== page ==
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The Right Way To Say ‘No’ To A Bully Boss

By Avery Blank

This article was originally published on Forbes.


I help people advocate for themselves and leverage opportunities.

Opinions expressed by Forbes Contributors are their own.

Don’t you wish you could say “no” to your manager when he bullies you to do something? Being forced to do something, perhaps even something troubling, is the worst feeling. It is not easy to say “no.” Just thinking about it can be terrifying. You may fear for your job or that you will no longer be liked. Your goal is to be respected, not liked. Saying “no” will help you gain respect as a professional. Here’s how to say “no” to your boss, the right way:

A boss yelling at an employee.

A boss yelling at an employee.

Stick to the facts.

Remind your boss of the facts. If your boss tells you to do something that jeopardizes your existing commitments or even runs counter to priorities, let her know.

For example, if your manager tells you that she has placed you on a project team that meets every Thursday afternoon and you had both agreed previously that you could leave early that day to train for an upcoming marathon you are running. Remind her of this. Or let’s say your boss tells you to publish an article for the company website about a successful project completed for a client. When you realize that making this public might jeopardize an upcoming IPO by that client, speak up.

Your boss will respect your ability to maintain boundaries and that you are thinking beyond the immediate task to ensure the organization’s overall success. Stick to the facts. Tell the truth as you see it. The last thing you want to do is lie to get out of a request.

Share how you feel.

It is hard to argue with how one feels. If your boss requests that you do something you feel uncomfortable with or that is unrealistic, tell him.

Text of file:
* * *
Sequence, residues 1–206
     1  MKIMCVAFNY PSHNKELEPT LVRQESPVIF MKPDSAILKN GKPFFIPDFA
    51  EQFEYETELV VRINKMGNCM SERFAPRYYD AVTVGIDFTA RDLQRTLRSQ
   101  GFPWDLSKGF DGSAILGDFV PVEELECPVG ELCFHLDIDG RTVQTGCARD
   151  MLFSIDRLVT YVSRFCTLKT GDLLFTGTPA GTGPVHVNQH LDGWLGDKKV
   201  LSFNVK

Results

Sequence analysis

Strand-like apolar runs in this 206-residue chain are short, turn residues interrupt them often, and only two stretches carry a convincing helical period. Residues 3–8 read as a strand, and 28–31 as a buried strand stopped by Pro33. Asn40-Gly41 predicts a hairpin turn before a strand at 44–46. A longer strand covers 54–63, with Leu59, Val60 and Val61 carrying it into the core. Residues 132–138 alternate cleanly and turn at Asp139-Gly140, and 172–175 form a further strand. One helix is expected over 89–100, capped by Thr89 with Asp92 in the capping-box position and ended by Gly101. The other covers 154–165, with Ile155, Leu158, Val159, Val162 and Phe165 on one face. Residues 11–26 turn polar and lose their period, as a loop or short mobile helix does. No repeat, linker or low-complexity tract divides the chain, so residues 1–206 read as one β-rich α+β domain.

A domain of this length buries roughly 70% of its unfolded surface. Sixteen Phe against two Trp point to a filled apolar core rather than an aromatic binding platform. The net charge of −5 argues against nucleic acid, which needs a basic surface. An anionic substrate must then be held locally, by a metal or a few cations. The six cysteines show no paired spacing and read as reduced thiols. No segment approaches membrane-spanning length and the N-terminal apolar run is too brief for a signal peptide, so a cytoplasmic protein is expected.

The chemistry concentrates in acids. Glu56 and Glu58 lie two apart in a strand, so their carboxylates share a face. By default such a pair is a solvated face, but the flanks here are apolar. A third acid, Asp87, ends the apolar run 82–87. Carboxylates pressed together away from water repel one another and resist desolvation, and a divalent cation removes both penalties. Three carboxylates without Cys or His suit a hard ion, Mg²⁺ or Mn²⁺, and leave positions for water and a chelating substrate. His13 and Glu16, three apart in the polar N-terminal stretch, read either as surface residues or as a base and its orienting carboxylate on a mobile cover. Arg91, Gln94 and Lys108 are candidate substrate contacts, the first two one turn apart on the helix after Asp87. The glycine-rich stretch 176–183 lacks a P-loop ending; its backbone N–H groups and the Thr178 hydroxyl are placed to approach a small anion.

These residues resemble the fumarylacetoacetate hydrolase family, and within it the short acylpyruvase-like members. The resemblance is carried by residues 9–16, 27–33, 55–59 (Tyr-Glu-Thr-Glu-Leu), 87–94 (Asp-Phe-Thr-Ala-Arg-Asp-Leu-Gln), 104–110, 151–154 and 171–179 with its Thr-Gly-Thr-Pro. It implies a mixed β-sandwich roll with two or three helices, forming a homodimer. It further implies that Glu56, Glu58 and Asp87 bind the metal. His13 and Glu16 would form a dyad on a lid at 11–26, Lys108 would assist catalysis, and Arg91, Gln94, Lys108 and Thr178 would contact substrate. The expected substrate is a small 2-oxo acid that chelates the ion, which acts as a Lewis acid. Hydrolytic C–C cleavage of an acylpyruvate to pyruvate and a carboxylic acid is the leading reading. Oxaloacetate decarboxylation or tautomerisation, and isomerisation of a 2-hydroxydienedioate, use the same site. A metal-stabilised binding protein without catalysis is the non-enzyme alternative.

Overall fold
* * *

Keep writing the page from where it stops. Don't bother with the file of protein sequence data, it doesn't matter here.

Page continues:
Your boss might tell you to search the company’s HR system for a colleague’s employment history — something to which you feel you should not be privy. Saying that you feel uncomfortable doing this may help him to realize it is unethical.

If your manager’s request is unrealistic, tell him how you feel and offer an alternative. If you feel the project does not utilize your skills, offer to train a colleague to help with the effort. Your manager will respect your awareness of your abilities and limitations and ability to delegate like a leader.

Never show your emotion.

If you want to say “no” to a bully boss, leave your emotions at the door. Bullies feed off insecurity and instability. Do not feed the troll.

Even if you feel intimidated, try not to buy into or react outwardly to bullying tactics. If you know in advance that you are going to say “no,” anticipate how your manager might react and practice remaining strong. Sometimes, bullies respect only those who can hold their own and say “no.” When they see they cannot walk all over you, they are more likely to stop their behavior.

Bully bosses can make things uncomfortable (or even unbearable) at work, but do not let them abscond with your self-respect or ruin your reputation. Say “no” to take the lead in your career and gain respect.

How do you say “no” to a bully boss and gain respect? Share with me your stories and thoughts in the comments section below or via Twitter or LinkedIn.

Avery Blank is a millennial strategist, lawyer, and women’s advocate who helps others to strategically position and advocate for themselves to achieve their individual and organization goals.